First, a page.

The legendary Queen Amina (or Aminatu) is believed to have ruled Zazzau between the 15th century and the 16th century for a period of 34 years. Amina was 16 years old when her mother, Bakwa Turunku became queen and she was given the traditional title of Magajiya, an honorific borne by the daughters of monarchs. She honed her military skills and became famous for her bravery and military exploits, as she is celebrated in song as "Amina, daughter of Nikatau, a woman as capable as a man."[18] Amina is credited as the architectural overseer who created the strong earthen walls that surround her city, which were the prototype for the fortifications used in all Hausa states. She subsequently built many of these fortifications, which became known as ganuwar Amina or Amina's walls, around various conquered cities.[19] The objectives of her conquests were twofold: extension of her nation beyond its primary borders and reducing the conquered cities to a vassal status. Sultan Muhammad Bello of Sokoto stated that, "She made war upon these countries and overcame them entirely so that the people of Katsina paid tribute to her and the men of Kano and... also made war on cities of Bauchi till her kingdom reached to the sea in the south and the west." Likewise, she led her armies as far as Kwararafa and Nupe and, according to the Kano Chronicle, "The Sarkin Nupe sent her (i.e. the princess) 40 eunuchs and 10,000 kola nuts." [20]

    From 1804 to 1808, the Fulani, another Islamic African ethnic group that spanned West Africa and have settled in Hausaland since the early 1500s, with support of already oppressed Hausa peasants revolted against oppressive cattle tax and religious persecution under the new king of Gobir, whose predecessor and father had tolerated Muslim evangelists and even favoured the leading Muslim cleric of the day, Sheikh Usman Dan Fodio whose life the new king had sought end. Sheikh Usman Dan Fodio fled Gobir and from his sanctuary declared Jihad on its king and all Habe dynasty kings for their alleged greed, paganism, injustices against the peasant class, use of heavy taxation and violation of the standards of Sharia law. The Fulani and Hausa cultural similarities as a Sahelian people however allowed for significant integration between the two groups. Since the early 20th century, these peoples are often classified as "Hausa–Fulani" within Nigeria rather than as individuated groups.[citation needed] In fact, a large number of Fulani living in Hausa regions cannot speak Fulfulde at all and speak Hausa as their first language. Many Fulani in the region do not distinguish themselves from the Hausa, as they have long intermarried, they share the Islamic religion and more than half of all Nigerian Fulani have integrated into Hausa culture. [17]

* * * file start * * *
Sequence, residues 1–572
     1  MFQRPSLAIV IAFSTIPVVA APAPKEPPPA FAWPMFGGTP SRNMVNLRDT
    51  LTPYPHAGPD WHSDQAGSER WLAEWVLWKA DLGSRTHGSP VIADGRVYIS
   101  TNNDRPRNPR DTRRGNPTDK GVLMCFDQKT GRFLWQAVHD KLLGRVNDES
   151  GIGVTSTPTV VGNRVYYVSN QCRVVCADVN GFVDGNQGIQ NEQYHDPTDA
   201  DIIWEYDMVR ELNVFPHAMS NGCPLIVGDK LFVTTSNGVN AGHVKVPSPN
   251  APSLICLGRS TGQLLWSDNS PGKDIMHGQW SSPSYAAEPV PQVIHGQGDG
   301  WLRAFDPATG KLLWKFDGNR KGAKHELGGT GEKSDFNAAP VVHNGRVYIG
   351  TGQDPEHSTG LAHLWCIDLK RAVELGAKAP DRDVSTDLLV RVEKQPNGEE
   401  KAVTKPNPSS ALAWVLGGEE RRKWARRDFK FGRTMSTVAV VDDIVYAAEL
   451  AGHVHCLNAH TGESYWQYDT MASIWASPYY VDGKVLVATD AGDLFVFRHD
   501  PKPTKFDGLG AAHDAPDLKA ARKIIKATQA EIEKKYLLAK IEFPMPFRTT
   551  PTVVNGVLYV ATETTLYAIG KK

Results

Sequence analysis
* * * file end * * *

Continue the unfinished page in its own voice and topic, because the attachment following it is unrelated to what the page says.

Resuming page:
British colonial administrator Frederick Lugard exploited rivalries between many of the emirs in the south and the central Sokoto administration to counter possible defence efforts as his men marched toward the capital.[21] As the British approached the city of Sokoto, the new Sultan Muhammadu Attahiru I organised a quick defence of the city and fought the advancing British-led forces. The British emerged triumphant, sending Attahiru I and thousands of followers on a Mahdist hijra.[22]

     
    The Hausa Northern (eternal) Knot or 'Dagin Arewa', a traditional symbolic indicator of Hausa identity

    On 13 March 1903 at the grand market square of Sokoto, the last Vizier of the Caliphate officially conceded to British rule. The British appointed Muhammadu Attahiru II as the new Caliph.[22] Lugard abolished the Caliphate, but retained the title Sultan as a symbolic position in the newly organised Northern Nigeria Protectorate.[23] In June 1903, the British defeated the remaining forces of Attahiru I, who was killed in action; by 1906 resistance to British rule had ended. The area of the Sokoto Caliphate was divided among the control of the British, French, and Germans[citation needed] under the terms of the Berlin Conference.[citation needed]

    The British established the Northern Nigeria Protectorate to govern the region, which included most of the Sokoto empire and its most important emirates.[24] Under Lugard, the various emirs were provided significant local autonomy, thus retaining much of the political organisation of the Sokoto Caliphate.[25] The Sokoto area was treated as just another emirate within the Nigerian Protectorate. Because it was never connected with the railway network, it became economically and politically marginal.[26]

    But, the Sultan of Sokoto continued to be regarded as an important Muslim spiritual and religious position; the lineage connection to dan Fodio has continued to be recognised.[23] One of the most significant Sultans was Siddiq Abubakar III, who held the position for 50 years from 1938 to 1988. He was known as a stabilising force in Nigerian politics, particularly in 1966 after the assassination of Ahmadu Bello, the Premier of Northern Nigeria.[23]